Is Galle (Sri Lanka) Even Worth Visiting ?
My first visit to Galle was extremely short, or so I thought when I first scheduled my stay here for 2 days, somewhere mid 2015. While scheduling my first solo Sri Lanka trip, I was in double minds whether or not two days would be sufficient. After all, you don’t really get myriad things to see and do when you search about Galle on the internet. It is no way like some of the popular cities of the world like London or Sydney or Delhi. I could find only about 5–6 things, that I thought I would enjoy doing but these would be getting over in a day. So, leaving on the 3rd day from Galle was like one day wasting, literally. But no, it actually turned out to be just fine. And I felt Galle was indeed worth visiting — just that you don’t get up judging it every now & then with other popular cities of the world.
What’s Galle All About ?
Galle is a quaint little Sri Lankan town located on south west coast of the island. Coming out of the Railway Station doesn’t really make you feel the town, as it looks like any other town. But then when you initiate strolling on your own, exploring at your own pace, you get this feeling of the Portuguese and the Dutch working hard on developing the town that it is today. One of the most beautifully fortified towns. It is also notable to know that the Portuguese developed the whole infrastructure, making this town one of the important ports in Asia and the Dutch took it one step ahead with the fortification. With a modest area of around 17 km square and the total population just under 100,000 also, it doesn’t really feel crowded at any time.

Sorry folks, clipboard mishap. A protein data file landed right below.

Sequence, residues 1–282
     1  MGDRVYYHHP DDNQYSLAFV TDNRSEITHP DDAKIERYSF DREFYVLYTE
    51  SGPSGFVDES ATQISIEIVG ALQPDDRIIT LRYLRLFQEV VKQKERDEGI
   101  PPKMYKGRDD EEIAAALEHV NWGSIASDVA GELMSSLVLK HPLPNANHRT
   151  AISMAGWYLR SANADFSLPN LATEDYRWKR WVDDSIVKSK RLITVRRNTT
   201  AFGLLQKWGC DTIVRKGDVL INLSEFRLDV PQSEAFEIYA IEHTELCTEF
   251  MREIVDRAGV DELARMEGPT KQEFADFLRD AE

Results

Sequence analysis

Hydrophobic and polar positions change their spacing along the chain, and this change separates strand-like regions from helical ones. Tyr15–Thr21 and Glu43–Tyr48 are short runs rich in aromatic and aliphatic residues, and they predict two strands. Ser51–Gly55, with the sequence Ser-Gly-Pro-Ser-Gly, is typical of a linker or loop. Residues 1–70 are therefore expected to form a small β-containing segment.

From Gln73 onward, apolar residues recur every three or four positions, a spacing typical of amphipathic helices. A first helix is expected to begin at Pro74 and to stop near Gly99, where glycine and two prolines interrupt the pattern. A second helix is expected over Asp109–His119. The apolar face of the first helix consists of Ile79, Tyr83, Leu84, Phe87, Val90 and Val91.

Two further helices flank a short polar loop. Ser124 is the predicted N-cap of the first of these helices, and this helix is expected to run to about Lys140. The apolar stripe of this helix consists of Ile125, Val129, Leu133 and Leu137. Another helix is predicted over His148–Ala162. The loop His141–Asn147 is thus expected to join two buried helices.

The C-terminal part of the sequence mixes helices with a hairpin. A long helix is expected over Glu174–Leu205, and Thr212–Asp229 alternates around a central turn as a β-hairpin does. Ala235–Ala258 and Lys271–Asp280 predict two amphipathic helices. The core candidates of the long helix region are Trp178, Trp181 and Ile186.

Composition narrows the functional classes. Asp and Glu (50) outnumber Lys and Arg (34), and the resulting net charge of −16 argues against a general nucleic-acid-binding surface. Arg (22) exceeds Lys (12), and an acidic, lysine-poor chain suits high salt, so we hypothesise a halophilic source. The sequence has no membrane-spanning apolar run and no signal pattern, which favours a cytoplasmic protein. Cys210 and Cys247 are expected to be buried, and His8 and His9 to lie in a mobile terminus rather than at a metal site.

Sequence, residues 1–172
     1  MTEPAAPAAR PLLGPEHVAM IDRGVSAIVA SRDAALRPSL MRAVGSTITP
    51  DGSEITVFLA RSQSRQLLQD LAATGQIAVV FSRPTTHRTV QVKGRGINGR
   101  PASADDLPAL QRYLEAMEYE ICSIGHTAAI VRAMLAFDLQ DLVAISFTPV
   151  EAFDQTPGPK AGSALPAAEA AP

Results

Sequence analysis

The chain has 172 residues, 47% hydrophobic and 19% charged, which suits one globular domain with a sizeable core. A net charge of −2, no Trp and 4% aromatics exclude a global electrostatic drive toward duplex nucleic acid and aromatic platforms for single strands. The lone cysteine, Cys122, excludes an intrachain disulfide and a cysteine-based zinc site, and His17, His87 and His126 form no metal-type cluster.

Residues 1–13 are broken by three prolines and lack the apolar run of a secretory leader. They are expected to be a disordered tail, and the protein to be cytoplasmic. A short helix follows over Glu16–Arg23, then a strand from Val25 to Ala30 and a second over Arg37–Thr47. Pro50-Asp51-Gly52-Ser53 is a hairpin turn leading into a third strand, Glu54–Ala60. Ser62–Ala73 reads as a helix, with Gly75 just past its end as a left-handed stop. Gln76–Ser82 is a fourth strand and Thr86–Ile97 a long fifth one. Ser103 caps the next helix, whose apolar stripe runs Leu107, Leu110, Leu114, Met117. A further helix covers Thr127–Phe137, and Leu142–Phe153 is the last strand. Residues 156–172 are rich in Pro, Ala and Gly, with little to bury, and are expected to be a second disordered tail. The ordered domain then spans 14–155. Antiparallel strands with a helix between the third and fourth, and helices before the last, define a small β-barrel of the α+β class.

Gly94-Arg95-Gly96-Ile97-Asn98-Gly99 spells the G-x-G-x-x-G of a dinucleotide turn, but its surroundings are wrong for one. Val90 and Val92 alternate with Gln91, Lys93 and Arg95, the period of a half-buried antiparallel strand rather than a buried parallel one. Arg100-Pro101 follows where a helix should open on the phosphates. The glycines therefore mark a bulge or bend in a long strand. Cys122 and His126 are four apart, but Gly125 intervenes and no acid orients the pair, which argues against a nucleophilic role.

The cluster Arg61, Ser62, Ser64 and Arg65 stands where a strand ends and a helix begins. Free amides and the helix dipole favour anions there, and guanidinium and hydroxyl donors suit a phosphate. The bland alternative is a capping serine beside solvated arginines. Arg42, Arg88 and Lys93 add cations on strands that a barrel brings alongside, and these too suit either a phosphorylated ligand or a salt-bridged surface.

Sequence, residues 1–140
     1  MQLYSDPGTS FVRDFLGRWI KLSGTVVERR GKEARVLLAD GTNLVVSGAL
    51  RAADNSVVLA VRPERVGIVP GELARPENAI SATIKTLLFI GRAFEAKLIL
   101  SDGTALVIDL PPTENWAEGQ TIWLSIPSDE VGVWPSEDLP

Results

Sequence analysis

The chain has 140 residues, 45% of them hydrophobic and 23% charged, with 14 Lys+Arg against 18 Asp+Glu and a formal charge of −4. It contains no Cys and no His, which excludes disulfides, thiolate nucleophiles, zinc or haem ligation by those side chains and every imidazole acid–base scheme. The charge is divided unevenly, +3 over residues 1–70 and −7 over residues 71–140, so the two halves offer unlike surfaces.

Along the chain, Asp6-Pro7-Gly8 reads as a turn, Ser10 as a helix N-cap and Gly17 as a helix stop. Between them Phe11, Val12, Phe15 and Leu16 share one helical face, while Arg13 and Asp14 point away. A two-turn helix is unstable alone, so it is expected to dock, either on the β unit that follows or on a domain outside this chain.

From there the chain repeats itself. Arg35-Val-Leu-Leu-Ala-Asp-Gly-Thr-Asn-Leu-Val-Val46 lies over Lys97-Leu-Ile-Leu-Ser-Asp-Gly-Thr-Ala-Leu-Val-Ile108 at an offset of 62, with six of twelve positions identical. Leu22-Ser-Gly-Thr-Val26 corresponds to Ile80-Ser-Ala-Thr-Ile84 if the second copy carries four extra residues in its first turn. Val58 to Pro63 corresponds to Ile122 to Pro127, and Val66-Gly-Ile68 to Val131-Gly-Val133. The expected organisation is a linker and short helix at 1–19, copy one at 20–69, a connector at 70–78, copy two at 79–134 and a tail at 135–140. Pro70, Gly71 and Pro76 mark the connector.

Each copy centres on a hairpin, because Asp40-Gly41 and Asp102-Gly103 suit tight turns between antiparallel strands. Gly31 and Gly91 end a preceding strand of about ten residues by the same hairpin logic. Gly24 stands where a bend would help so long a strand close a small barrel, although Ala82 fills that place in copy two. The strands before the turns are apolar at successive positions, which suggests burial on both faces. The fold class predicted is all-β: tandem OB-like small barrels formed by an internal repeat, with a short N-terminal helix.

So, what did I do in my 2 days in Galle ? More than a couple of nice things…
Places To See & Things To Do in Galle
Probably the most popular and most touristy of all the places in and around town is the Galle Fort. Built around 1590 AD by the Portuguese and remodeled thereafter by the Dutch, this fort — also known as Dutch Fort — is one of the most beautiful examples of fortification. Galle Fort is a UNESCO World Heritage Site. The fort has been maintained very nice & polished, even after about 400+ years is something of a great achievement for any country. I was here at the fort for about 2 hours. The fort didn’t just safeguard the Portuguese & the Dutch but also saved a lot of people from the Tsunami 2004. In fact, there are a lot of other popular touristic things to see and do very near to the fort itself. So somewhere my 2 hours actually accounts for all the other nearby places as well. But an early morning visit here is a definitely yes from my end.
Watch a Cricket (Test) Match
The game of Cricket is equivalent to religion in the Indian Sub Continent. When I visited the Galle Fort for the first time and saw 360 degrees, I could see the Galle International Cricket Stadium and it felt great. Built in 1998, the first test match played here was between Sri Lanka and New Zealand. Considered as one of the picturesque cricket stadiums in the world, it has a seating capacity for 35,000 spectators. I found that amazing, primarily because the whole town’s population is around 99,000. So, almost one-third of the town can be accommodated to watch a great test match, mostly everybody supporting the home team Sri Lanka. Locals generally see the match from the Fort (see the extreme left side in the photo of Fort).
Stilt Fishing in Galle
Well, I don’t expect you to spend a lot of time on this one but it is worth visiting once and seeing the skills at display. This technique of fishing is not found everywhere, although it is said that this kind of fishing got reduced after the Tsunami of 2004. Koggala, Ahangama and Midigama are among the known spots where this technique is being used. Be here around sunset and enjoy the treat.
Whale & Dolphin Watching in Mirissa